This knowledge makes him a crucial contributor to the passage of British black and Asian culture into pop consciousness, and he knows is. And he wants to get it right. "The exposure of bhangra in the early 80s was really weird, because there was a whole big hype about it, people were really interested, but their expectation was for it to be a name they could identify British Asian music with. But there weren't any youngsters involved with it. they were all my Dad's age, mainly wedding and cabaret bands. Now, our generation are bringing on a whole new dimension, which I think is brilliant."
Talvin's friends from the jazz days are coming in from the cold:
Courtney Pine remixed by 4 Hero; Steve Williamson and Diane
Charlemagne entering Goldie's orbit along with Mark Gilmore, live
drummer on this month's Metalheadz UK tour and a contributor to
Talvin's One Drum, One World. Yet things are threatening to go a
bit askew in the Jungle, with the major players' taste for dodgy
fusion-lite: LTJ Bukem citing Return To Forever's Rainbow Warrior,
Goldie namechecking The Yellowjackets; the Jaco Pastorius-inspired
fretless bass antics of new Ninja Tune signing Squarepusher; and
the sobering image of Hardstep soundtracking TV air-freshener
ads...Isn't instrumental virtuosity still up for ridicule when it
hits the pop stage?
"I feel it's changing," Talvin replies. "Goldie wouldn't do a tour with a drummer and bass player if it wasn't so, he would just go out with a sound system. He knows that people want to see somebody strike a drum. We're talking about two different kinds of musicians here: interactive, today's musicians who are getting their own labels together, or someone who plays in a jazz band in Pizza Express because they've ignored everything. They've ignored Cubase, they've ignored the sampler. We shouldn't ignore it, man, we shouldn't be intimidated by those things. It's not the time when Philip Glass or Yehudi Menuhin were sitting up at one end of the world, making records with Ravi Shankar at the other. Now, it's about living club culture, underground culture, HipHop times: we've been part of that and going parallel to that."
Strange things happen to Talvin: like the time in 1990 when he picked up the phone and it was Sun Ra on the line, summoning him to two concerts in Paris and London. "Sun Ra never stayed in hotels, he stays in residences; they had a special cottage outside Paris. I arrived there, and there was frankincense and myrrh, smoke everywhere. It was everywhere, really strong aroma. I got a bit frightened, bit paranoid. Then they introduced me to Sun Ra. He seemed a nice man, had his outfit on. Great aura. Next day we did this gig, and he said, 'Come and sit next to me.' He never told me what to play: just actions, hand signals, orchestrating the whole vibe with his aura. The energy was amazing. I knew exactly what to play: I couldn't jam all over the music, and I had thought it was going to be like that.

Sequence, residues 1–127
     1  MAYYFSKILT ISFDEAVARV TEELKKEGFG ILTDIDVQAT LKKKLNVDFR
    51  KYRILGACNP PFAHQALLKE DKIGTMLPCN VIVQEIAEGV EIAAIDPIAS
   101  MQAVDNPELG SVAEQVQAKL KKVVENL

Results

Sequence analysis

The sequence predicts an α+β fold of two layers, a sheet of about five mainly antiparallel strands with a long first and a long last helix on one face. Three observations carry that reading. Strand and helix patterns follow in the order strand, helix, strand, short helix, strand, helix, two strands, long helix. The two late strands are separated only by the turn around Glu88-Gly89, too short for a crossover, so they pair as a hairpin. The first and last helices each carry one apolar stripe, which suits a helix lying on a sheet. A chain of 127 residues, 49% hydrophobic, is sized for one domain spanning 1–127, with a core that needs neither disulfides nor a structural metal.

"He was into very high mathematical equations, applying formulas on the science of life. His philosophy was that either you be part of the society or you don't. And he wasn't part of it. He created his own. I mean, I actually saw his passport, man. It had some weird shit on it. It had some different stuff, and the people at immigration took a long time over it, but then they seemed to approve it. His last words to me were, 'Yeah Talvin, thank you very much. I'll see you in the sun.' He was very encouraging. So that's quite a heritage."
In the West, TV series like Apache Indian's Apache Goes Indian still sell us the image of India as a dilapidated Third World nation; and (once again) Goa becomes the new Benidorm for middle class hippies looking for a quick spiritual fix. The reality is somewhat different: a huge, socially divergent nuclear power that's rapidly becoming energised by technology. And for those who think this is just another way for the US to get an extra slice of the digital communications pie, get this: India threw out MTV and created its own internal equivalent, VTV. The V is for Victory. Meanwhile, British Asian acts have to rely on unconvincing appropriations of their own cultural stereotype: Cornershop, the Outcaste label.
"I've never felt outcast," says Talvin. "It's so easy to say, 'I'm Asian and it's not fair, you haven't given me a chance.' Outcaste? They're definitely playing to that idea. And it might make one guy a lot of money, yeah? But it ain't gonna do anything for the music, is it? Because we're not trying to be outcast. So how can you carry a flag saying that? What's important for me is doing things on a level where the music speaks for itself."
His musical response is not banner-waving, but seduction. Future Sound Of India music shifts its shape endlessly, the bottomless virtual space of hard disk recording providing a hardware equivalent to the raga's decomposition of measured time. The name is a deliberate ploy to avoid being hidden in the World Music or New Age racks of record shops. "Can you imagine," says Talvin with glee, "they'll think, 'Fuck that, we're going to put this in the Rock & Pop section, this sounds wicked.' They won't put it in the Miscellaneous section: they'd be stupid, because of the name, yeah? And tomorrow, I want to see Future Sound Of Africa, Future Sound Of Kurdistan, Future Sound Of Norway, Future Sound Of Iceland, all in one section, called Future Sound! And it's already started happening; I had a letter from someone in Kenya..."
This article first appeared in issue 144 (February
© 1998 The Wire.